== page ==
posted by MrMoonPie at 9:51 AM on October 14, 2005

About 75% of the time, I'm relieved that she's no longer a part of my life; about 25% of the time, though, I genuinely miss her.

Would you rather be happy 75% of the the time or 25%? Don't send a gift, it's just inviting her back into your life.
posted by sohcahtoa at 9:52 AM on October 14, 2005

Wow, I would have sent the gift not realizing that gifts have now become weapons. But since so many have written in to say otherwise, I would probably just send a nice card one with a carefully written note inside vetted to make sure it cannot be taken the wrong way.

I say this because you were close friends at one time and you like the groom.

Dear Alice and Bob,

The two of you make a lovely couple; the happiness you radiate enriches everyone who knows you. Congratulations on your special day and best wishes for a wonderful future.

Sincerely, Me

posted by Secret Life of Gravy at 10:08 AM on October 14, 2005

I'm the same (gravy) boat as SLoG: I would have leaned towards sending the gift as well (and it would never in a million years occur to me that doing so would be seen as angling for an invitation), but seeing the responses here does give me pause. Once the wedding has come and gone, if your desire to pass on good wishes is still truly there, then a brief, sincere note to the couple seems appropriate. (I also think a modest gift off the registry might not be completely out of order at that point either, but I'm willing to acknowledge that I'm in the minority on that one.)
posted by scody at 10:52 AM on October 14, 2005

I vote with Jessamyn. Send a note if you must send something.
posted by JanetLand at 11:17 AM on October 14, 2005

I'm very clearly not invited
No note, no gift. If you're not in regular contact, one of the most important events of her life is not proper occasion to make an appearance, given the situation.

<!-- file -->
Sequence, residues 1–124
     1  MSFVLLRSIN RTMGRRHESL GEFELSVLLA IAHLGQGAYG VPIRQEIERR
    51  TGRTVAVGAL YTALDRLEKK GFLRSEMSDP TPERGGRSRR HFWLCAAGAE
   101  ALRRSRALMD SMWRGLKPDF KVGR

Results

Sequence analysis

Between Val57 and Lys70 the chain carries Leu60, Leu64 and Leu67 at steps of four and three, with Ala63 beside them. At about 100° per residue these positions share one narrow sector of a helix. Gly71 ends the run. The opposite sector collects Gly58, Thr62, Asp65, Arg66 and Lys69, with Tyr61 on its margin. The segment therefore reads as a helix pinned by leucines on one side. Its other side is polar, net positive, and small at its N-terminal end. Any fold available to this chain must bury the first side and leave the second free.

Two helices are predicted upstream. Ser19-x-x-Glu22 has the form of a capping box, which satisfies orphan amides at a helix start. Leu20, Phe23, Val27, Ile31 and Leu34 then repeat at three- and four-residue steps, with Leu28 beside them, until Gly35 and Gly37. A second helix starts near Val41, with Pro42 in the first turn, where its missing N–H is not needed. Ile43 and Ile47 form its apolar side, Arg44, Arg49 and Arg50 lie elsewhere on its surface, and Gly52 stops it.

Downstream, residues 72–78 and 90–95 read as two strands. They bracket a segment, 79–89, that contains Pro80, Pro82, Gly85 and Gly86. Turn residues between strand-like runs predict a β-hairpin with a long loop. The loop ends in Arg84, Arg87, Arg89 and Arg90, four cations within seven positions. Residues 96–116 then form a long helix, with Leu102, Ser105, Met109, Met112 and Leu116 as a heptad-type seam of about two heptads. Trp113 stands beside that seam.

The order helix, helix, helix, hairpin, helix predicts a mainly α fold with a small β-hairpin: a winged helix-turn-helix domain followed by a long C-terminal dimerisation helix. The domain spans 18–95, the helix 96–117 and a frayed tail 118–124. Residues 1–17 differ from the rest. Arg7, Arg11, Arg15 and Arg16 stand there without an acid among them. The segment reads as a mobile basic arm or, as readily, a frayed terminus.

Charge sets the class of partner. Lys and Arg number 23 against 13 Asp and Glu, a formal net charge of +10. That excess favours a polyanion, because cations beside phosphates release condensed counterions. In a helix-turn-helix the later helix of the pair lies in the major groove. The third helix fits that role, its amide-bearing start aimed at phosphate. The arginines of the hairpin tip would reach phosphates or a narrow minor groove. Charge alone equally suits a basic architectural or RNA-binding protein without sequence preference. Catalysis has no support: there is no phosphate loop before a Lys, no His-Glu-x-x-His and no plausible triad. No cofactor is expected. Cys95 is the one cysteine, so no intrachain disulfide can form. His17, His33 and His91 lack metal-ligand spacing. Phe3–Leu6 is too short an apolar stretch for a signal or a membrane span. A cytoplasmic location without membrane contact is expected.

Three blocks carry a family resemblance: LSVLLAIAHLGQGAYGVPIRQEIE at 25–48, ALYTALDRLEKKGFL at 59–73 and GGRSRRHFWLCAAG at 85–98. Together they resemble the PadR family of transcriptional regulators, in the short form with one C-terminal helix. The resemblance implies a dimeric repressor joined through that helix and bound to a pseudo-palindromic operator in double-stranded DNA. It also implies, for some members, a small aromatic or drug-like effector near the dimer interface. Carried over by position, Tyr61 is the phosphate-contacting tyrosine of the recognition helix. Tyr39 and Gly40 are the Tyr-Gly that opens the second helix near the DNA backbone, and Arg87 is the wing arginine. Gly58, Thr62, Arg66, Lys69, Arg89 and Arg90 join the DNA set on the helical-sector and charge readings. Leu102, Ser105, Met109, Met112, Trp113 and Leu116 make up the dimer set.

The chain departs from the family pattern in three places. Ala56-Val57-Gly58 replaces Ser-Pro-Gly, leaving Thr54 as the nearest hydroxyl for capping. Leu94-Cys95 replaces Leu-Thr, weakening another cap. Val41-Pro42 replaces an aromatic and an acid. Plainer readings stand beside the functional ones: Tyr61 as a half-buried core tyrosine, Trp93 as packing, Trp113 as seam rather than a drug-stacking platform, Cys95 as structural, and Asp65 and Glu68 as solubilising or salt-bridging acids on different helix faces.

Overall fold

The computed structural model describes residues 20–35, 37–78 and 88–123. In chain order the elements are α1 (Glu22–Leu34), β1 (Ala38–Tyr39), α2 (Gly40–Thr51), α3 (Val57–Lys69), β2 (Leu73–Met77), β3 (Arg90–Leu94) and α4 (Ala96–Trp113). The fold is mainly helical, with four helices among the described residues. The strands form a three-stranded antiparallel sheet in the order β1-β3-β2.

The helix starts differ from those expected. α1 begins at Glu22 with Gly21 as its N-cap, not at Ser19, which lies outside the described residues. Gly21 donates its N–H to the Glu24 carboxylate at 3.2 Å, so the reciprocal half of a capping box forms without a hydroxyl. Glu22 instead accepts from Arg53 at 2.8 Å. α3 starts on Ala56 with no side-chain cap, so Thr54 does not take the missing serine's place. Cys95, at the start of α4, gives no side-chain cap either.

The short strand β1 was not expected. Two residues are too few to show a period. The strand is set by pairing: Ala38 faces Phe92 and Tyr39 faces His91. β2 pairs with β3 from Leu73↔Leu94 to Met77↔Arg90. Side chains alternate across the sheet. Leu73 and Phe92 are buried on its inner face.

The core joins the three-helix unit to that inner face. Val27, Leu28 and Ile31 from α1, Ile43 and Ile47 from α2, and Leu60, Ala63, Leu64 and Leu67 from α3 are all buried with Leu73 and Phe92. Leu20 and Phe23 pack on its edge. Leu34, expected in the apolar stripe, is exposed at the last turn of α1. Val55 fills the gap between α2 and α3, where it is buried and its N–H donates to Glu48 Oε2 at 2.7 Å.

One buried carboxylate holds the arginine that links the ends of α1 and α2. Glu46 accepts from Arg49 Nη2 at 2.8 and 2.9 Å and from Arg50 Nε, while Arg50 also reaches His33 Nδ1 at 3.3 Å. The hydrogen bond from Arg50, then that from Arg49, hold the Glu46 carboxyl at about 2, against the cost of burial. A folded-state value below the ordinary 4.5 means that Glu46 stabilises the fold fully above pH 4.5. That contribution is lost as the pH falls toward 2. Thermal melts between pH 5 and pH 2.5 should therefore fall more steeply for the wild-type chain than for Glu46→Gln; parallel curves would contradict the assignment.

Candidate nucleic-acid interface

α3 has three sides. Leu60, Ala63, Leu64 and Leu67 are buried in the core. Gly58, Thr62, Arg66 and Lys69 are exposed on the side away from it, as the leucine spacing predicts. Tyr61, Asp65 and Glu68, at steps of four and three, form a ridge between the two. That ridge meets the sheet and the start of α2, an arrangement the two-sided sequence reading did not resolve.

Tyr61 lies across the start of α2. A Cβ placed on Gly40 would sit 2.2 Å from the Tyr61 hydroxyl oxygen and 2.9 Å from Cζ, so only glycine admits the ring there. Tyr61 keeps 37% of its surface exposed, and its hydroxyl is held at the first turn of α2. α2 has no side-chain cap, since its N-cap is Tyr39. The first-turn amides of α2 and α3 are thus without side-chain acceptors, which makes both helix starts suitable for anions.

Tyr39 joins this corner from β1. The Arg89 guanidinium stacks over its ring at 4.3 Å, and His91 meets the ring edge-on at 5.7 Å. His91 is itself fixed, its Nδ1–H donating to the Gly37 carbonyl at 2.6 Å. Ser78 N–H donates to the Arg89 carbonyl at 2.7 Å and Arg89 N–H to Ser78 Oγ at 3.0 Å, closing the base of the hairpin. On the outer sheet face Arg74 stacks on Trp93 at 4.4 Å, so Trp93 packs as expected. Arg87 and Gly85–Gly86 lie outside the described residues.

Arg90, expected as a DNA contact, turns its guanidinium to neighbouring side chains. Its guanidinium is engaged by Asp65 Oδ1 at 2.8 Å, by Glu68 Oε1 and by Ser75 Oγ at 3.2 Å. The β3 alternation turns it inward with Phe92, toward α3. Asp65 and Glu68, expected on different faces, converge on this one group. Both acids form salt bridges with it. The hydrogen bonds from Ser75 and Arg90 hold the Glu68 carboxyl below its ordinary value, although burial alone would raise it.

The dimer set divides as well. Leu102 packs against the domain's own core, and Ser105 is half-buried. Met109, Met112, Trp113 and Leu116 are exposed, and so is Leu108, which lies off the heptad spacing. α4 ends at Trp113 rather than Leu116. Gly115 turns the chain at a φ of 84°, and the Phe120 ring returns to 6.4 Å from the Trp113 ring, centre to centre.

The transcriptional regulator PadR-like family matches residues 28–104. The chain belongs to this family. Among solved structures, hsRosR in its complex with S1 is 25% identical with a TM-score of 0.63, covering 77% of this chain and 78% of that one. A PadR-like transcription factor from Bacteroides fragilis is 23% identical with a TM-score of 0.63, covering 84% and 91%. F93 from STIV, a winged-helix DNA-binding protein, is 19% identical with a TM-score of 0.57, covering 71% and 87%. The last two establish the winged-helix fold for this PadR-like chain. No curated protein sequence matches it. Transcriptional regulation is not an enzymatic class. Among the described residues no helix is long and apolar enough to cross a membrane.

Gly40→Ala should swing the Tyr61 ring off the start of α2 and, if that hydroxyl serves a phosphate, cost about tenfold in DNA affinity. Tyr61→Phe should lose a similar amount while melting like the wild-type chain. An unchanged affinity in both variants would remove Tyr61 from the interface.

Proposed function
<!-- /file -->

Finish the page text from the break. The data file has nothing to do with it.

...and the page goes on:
posted by VulcanMike at 11:41 AM on October 14, 2005

Don't send anything. Although you can't tell whether you weren't invited on purpose or simply forgotten it is unlikely the lack of a gift or note from you will be noticed. There's nothing wrong with accepting the fact that some friendships aren't made to last.

Also, I can't help getting the feeling that the sending of a gift is really to make you feel better, rather than the bride. Why not take the money you would have spent and donate it to a charity?
posted by tommasz at 12:35 PM on October 14, 2005

No gift. No note. Move on.
posted by deborah at 12:45 PM on October 14, 2005

This woman doesn't want you in her life. 75% of the time, you don't particularly want her in yours. Both of these are your own admissions.

Why bother with a gift, eh? Do you want her to come running back to you and be friends again? Not bloody likely.

Spend the gift money on yourself and go partying one night. :)
posted by madman at 1:28 PM on October 14, 2005

From what you've said, it seems like she's not a good person. I wouldn't pull the malevolent fairy act.
posted by brujita at 12:43 AM on October 15, 2005